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JOHN MAULDIN : GEORGE FRIEDMAN (STRATFOR) WEIGHS IN ON PARIS ATTACKS




















On several occasions over the last few years, I have mentioned the anti-immigration pressures that are spreading in Europe, and a few months ago I talked about how the refugee crisis was sparking more concern. 



I have also engaged my friend George Friedman, one of the truly world-class thought leaders on geopolitics, in numerous discussions on those issues.



A couple days after the Paris attacks, I picked up the phone to talk over the situation with George, and we had a very animated conversation for the next 20 minutes. 




I didn’t particularly like what I heard about the difficulties of dealing realistically with ISIS. 




The more I read – and the more I listen to people like George who have worked these issues for decades – the more uncomfortable I become. The simple truth is that we as a culture need to face reality.



I asked George if he would pour his thoughts into a short essay that I could send out as anOutside the Box, and he agreed.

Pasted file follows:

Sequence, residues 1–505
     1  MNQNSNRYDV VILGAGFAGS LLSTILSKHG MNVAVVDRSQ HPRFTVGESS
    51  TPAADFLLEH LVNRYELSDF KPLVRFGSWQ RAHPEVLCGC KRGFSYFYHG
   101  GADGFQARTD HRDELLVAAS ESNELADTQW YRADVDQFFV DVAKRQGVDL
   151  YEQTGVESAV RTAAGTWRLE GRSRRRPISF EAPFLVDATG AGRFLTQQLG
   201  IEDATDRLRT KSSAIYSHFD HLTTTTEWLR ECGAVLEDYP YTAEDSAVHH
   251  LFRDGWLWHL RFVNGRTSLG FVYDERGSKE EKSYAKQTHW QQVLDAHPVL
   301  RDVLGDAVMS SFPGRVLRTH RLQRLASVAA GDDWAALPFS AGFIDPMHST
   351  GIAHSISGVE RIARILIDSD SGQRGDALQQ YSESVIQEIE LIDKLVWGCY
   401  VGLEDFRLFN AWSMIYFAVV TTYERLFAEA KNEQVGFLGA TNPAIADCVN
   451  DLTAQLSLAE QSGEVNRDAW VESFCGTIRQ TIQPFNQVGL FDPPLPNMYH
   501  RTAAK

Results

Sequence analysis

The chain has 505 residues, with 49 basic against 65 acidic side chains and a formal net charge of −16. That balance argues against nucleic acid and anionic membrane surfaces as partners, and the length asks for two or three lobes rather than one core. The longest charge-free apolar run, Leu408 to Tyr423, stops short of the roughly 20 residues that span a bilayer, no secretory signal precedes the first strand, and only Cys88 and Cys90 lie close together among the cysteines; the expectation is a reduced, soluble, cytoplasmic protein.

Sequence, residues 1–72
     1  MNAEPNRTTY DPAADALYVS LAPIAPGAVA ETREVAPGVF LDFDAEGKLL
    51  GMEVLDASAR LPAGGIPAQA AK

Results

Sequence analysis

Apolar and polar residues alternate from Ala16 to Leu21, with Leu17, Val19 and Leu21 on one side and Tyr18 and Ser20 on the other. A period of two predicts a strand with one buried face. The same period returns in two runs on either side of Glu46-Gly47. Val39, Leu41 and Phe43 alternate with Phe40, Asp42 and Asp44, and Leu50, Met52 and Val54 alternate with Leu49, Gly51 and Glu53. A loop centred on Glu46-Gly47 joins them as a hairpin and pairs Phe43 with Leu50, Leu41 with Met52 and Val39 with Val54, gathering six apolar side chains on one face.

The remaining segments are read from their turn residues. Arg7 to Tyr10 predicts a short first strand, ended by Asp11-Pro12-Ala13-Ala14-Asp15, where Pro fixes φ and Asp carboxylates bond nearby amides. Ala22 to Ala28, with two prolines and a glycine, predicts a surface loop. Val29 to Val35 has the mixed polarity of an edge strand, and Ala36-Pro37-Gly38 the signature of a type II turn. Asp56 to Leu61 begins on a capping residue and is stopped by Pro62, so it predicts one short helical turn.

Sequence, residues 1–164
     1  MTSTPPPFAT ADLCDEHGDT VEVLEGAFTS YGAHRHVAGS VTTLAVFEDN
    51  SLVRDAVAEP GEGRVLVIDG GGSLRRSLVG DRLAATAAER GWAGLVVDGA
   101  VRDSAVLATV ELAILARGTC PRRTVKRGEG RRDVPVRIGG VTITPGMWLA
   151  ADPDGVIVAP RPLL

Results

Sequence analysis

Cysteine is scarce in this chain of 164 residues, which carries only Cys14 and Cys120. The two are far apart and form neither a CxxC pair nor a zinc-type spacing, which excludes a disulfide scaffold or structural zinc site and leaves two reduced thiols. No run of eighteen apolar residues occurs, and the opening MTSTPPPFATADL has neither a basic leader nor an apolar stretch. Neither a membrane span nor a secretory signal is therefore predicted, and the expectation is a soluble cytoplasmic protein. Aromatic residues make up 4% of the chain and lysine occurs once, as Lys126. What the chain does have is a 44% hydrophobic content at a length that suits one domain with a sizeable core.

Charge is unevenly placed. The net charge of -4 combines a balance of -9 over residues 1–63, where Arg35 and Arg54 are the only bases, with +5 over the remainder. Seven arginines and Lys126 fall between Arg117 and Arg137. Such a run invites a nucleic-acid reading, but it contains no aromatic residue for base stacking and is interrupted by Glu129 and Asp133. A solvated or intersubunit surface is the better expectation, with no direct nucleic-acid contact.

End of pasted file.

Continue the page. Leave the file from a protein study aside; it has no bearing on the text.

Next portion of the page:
Just a quick quote from his piece, which I just received:




Once it has been established that this implicit right [by nation states instead of the entire EU to protect their borders] can be used and the basic boundaries inside of Europe are the old European borders, we have entered a new Europe, or rather the old one.




 It is not clear when or if the border checkpoints will come down. After all, the war with the jihadists has created a permanent threat. 



Since there is no one to negotiate with, and no final blow that will end the war, when should the borders be opened again? 



What IS created, without intending it, is the fragmentation of Europe, with each state protecting itself. 



When will Europe decide it no longer needs checkpoints at the borders? 


When is it safe? 


And, if it is not safe, how do the borders come down?




You cannot control the movement of people without controlling the movement of goods. 




Whatever the rules at the moment, the nation-state has reasserted its right to determine what vehicles enter. 




Once that principle is in place, the foundation of Maastricht does not disappear. The agreement is still there, but the claim to ultimate authority is not in Brussels or Strasbourg, but in Madrid and Budapest and Berlin. This causes more than delays at the border, it essentially creates a new mindset.





This is a very thought-provoking piece with a very different take from anything else I have read. 



Which is what you expect from George.






http://www.mauldineconomics.com/outsidethebox

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